The Legal Status of Military Aircraft in the High Seas

  • Received : 2017.06.12
  • Accepted : 2017.06.25
  • Published : 2017.06.30


The main subject of this article focused on the legal status of the military aircraft in the high seas. For this the legal status of the military aircraft, the freedom of overflight, the right of hot pursuit, the right of visit and Air Defense Identification Zone (ADIZ) were dealt. The 1944 Chicago Convention neither explicitly nor implicitly negated the customary norms affecting the legal status of military aircraft as initially codified within the 1919 Paris Convention. So the status of military aircraft was not redefined with the Chicago Convention and remains, as stated in the 1919 Paris Convention, as a norm of customary international law. The analyses on the legal status of the military aircraft in the high seas are found as follows; According to the Article 95 of the 1982 United Nations Convention on the Law of the Sea (UNCLOS) warships on the high seas have complete immunity from the jurisdiction of any State other than the flag State. We can suppose that the military aircraft in the high seas have also complete immunity from the jurisdiction of any State other than the flag State. According to the Article 111 (5) of the UNCLOS the right of hot pursuit may be exercised only by warships or military aircraft, or other ships or aircraft clearly marked and identifiable as being on government service and authorized to that effect. We can conclude that the right of hot pursuit may be exercised by military aircraft. According to the Article 110 of the UNCLOS a warship which encounters on the high seas a foreign ship, is not justified in boarding it unless there is reasonable ground for suspecting that: (a) the ship is engaged in piracy, (b) the ship is engaged in the slave trade, (c) the ship is engaged in an unauthorized broadcasting and the flag State of the warship has jurisdiction under article 109, (d) the ship is without nationality, or (e) though flying a foreign flag or refusing to show its flag, the ship is, in reality, of the same nationality as the warship. These provisions apply mutatis mutandis to military aircraft. As for Air Defence Identification Zone (ADIZ) it is established and declared unilaterally by the air force of a state for the national security. However, there are no articles dealing with it in the 1944 Chicago Convention and there are no international standards to recognize or prohibit the establishment of ADIZs. ADIZ is not interpreted as the expansion of territorial airspace.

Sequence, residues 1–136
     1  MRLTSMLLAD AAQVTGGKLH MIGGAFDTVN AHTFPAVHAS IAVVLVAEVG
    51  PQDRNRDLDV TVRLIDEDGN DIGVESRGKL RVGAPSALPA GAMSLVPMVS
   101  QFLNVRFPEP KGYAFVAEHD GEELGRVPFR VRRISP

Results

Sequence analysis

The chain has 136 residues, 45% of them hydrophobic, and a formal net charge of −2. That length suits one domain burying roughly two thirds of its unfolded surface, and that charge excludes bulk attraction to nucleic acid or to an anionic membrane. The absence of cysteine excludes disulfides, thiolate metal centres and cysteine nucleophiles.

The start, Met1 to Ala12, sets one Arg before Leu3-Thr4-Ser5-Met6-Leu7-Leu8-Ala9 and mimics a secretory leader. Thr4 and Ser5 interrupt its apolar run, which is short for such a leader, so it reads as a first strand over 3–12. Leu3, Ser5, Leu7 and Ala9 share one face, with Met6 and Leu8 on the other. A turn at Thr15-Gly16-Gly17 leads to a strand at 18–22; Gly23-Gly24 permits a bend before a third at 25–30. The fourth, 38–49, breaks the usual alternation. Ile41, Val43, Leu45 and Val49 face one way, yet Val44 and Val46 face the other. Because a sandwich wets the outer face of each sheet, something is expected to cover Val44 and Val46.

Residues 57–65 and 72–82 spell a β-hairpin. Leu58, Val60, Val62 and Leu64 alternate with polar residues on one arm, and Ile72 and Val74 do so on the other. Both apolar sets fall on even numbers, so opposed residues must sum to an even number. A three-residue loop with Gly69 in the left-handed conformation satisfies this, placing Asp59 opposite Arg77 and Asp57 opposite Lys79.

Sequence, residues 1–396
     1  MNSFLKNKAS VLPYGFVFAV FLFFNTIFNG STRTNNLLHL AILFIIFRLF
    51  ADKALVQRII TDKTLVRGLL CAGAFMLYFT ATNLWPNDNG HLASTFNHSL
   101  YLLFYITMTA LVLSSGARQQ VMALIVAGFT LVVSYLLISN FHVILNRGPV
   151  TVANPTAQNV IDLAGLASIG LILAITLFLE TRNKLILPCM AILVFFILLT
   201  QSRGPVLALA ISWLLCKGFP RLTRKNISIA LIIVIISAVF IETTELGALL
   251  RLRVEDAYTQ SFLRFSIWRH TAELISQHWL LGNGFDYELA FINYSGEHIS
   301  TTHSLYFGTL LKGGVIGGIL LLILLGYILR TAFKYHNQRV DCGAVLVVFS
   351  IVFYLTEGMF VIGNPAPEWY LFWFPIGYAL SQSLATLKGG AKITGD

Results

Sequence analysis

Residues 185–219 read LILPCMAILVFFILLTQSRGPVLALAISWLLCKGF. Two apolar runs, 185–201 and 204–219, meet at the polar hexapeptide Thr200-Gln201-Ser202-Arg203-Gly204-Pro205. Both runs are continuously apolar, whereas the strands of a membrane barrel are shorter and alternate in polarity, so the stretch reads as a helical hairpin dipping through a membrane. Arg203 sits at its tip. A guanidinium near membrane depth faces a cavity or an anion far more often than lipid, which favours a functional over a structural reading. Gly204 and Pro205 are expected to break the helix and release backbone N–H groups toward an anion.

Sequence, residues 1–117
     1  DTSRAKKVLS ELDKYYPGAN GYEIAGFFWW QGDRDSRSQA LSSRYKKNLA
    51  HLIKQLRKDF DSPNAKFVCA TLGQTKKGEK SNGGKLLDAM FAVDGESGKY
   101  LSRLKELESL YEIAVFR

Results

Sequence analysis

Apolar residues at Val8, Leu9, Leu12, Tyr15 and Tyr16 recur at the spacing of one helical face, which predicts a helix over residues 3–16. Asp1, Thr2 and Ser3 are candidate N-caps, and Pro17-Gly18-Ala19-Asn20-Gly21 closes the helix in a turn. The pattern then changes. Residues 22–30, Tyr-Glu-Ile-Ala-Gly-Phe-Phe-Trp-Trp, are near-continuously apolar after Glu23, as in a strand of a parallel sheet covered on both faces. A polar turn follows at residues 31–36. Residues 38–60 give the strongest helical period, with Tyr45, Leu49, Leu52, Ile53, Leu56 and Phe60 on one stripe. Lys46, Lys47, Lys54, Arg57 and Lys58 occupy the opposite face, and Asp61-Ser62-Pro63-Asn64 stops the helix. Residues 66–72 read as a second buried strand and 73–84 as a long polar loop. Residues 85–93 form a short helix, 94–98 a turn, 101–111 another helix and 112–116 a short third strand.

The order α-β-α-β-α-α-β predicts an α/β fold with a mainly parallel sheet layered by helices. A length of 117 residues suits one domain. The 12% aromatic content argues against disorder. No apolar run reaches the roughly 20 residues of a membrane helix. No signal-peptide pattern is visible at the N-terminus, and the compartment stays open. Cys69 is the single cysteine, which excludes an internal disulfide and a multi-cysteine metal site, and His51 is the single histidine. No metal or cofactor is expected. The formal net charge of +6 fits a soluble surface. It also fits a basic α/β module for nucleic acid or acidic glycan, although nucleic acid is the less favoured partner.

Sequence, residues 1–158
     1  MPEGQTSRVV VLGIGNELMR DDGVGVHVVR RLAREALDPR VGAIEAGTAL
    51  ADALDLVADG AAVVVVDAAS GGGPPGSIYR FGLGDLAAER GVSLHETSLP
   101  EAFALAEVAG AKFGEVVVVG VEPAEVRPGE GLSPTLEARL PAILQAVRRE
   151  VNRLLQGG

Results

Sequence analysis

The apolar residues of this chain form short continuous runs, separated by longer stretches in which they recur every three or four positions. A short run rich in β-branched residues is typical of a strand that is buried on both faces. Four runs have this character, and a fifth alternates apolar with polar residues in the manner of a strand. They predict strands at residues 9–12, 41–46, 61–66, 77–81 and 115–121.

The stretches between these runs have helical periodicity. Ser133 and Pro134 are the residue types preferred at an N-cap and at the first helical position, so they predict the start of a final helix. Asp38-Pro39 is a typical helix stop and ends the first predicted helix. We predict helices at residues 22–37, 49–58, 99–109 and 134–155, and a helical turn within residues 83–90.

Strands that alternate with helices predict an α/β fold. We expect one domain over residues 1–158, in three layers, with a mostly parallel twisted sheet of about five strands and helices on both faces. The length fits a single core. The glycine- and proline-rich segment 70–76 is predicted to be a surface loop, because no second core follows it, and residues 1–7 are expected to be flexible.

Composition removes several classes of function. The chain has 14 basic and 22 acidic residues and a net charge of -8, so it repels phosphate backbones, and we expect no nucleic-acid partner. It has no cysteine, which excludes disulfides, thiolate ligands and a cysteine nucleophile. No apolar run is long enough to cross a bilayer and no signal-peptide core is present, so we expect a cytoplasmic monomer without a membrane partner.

Supported by : Kangwon National University


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